Shunned by Society and Finding a Community

U.A. Nigro

By U. A. Nigro

She wanted to sit down face to face with family and a list of lifelong friends. Then afterwards she would come out on social media. All of which I agreed with, however it sounds much simpler than it actually was. Trying to synchronize our schedule with everyone else’s schedule was tricky to say the least. I had decided that I would come out on my social media simultaneously as my wife, to not only show my love and support for her, but to also avoid the “are you staying together?” question. So my post included not only how proud I was of her, but also how much happier she was as a human and how that has made our relationship even better. I did of course get a few of those “so what are you going to do now?” questions, but not as many as I could have gotten.


A majority of the emails, text messages, and comments that I received were positive and supportive. I was not only relieved, but also grateful that people took the time out of their lives to send me some loving support. The time span between the day that my wife came out to me and the day we both came out on social media was quiet lengthy. So the beginning of her transition was a very private affair that only a very few outsiders knew about. We had just about stopped seeing everyone we knew, avoided get-togethers, family functions and holidays outside of the house. I felt as if someone stuffed me into a closet and put a gag on me. It was awful. So after everyone in the world knew what our family was going through and that we weren’t just avoiding people for no reason, I was ready to live again.

So there I was for the first time walking into work or a party or a family gathering or bumping into someone at the supermarket who is on my social media but I haven’t seen. Hi, as you already know, I am that straight woman whose spouse just came out as transgender and turned her into a lesbian, so what’s new with you? The word strange just doesn’t do those feelings much justice. I felt like a part of me was broken and everyone could see it, and everyone wanted to blame my wife. Then I noticed being left out of things and started to hear whispers after I left a room. Were they talking about me? It certainty felt like they were, and just like that I felt like the weirdo in the room. To my face everyone was more than excited for me. They said things like, “hey that’s great news,” and “good for you both, glad you are happy,” then walked away saying “that poor girl.”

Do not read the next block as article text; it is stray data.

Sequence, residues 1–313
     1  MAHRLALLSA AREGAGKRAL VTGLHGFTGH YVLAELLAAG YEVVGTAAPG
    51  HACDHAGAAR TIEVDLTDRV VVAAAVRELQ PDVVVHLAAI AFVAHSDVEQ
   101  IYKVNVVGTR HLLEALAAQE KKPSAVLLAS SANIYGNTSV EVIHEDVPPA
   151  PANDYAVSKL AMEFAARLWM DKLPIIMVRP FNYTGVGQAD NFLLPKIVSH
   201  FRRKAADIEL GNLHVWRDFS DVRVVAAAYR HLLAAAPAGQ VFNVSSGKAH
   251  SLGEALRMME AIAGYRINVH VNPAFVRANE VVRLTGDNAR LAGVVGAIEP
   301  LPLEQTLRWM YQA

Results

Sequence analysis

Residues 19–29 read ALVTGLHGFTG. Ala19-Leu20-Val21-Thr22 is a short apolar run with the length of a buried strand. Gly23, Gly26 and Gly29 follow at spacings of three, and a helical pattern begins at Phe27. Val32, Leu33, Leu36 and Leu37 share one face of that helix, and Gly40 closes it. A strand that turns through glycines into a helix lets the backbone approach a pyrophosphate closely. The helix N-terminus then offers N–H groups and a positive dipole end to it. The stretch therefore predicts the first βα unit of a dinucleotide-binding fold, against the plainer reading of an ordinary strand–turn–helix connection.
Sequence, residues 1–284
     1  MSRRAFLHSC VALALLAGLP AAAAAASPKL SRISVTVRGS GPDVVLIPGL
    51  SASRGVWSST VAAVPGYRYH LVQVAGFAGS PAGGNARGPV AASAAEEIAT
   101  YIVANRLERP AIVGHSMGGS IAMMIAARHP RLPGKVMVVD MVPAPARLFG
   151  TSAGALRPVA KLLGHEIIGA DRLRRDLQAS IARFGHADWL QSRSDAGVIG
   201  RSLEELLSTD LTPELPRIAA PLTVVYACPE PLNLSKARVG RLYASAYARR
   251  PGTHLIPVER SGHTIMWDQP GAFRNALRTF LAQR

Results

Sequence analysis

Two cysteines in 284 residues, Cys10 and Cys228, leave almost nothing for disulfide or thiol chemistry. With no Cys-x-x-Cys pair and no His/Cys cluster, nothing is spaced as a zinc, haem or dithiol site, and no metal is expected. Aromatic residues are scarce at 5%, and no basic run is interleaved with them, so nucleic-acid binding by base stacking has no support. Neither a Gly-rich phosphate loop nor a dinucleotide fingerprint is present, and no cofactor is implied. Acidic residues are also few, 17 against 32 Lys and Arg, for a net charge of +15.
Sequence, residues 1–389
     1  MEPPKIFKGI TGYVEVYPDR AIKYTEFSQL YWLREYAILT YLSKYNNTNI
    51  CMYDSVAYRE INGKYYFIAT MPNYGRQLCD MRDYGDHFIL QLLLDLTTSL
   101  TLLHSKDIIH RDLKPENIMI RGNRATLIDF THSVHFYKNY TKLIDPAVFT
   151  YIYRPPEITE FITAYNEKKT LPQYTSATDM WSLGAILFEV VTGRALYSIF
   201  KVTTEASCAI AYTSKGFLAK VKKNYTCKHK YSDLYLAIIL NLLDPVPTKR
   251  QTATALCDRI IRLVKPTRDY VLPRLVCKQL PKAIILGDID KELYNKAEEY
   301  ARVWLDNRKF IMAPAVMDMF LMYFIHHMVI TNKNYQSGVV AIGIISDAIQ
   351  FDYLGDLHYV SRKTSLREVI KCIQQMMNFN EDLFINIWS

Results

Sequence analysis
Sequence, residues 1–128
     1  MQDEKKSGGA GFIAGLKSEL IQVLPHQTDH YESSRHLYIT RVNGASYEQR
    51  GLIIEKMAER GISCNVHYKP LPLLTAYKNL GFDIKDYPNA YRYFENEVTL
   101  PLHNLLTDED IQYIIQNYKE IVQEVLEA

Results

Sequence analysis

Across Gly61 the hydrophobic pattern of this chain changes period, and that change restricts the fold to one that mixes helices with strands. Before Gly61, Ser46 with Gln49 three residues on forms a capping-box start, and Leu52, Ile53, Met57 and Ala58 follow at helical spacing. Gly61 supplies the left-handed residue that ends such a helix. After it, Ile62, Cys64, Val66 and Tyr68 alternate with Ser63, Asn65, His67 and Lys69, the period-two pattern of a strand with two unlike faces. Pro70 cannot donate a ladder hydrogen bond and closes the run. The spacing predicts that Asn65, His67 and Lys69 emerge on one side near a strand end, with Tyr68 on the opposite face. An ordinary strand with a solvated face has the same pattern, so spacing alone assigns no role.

I was starting to feel as though I violated some kind of unspoken heterosexual rule. The only thing left to do with me was to shun me. Send me out into the world with only my wife by my side to figure things out on our own. I must confess it was quite lonely. So I went out into the world looking for people like us. It wasn’t easy and I am still working on it, but it is well worth it. I was lucky to have found a support group on a social media website for partners of transgender people only. I can go there any time of day or night and scream about dysphoria and not have to explain what it is. Or, happily share the success of our first outing in a dress and not get strange looks and or questions. I can discuss surgeries, hormones, therapist and bigots. I have laughed, cried and shared intimately with these people, yet we have never met in person.

So as we navigate through this detour in our lives, let us all remember how important community is. Having a safe and understanding place to hang our hat is crucial to getting through to the other side. Unconditional support for the everyday craziness and the days of surgeries, coming out to family, moving to a new state or employment issues. Do not let your community or town shun you and your family. I am well aware that this is not easy, but go out there and find people like us. The reward is greater than the work. A big thank you to the people on my online support group for being there every minute of everyday. I couldn’t have gotten through a lot of those insane days without you. Wishing you peace always.

U.A. Nigro


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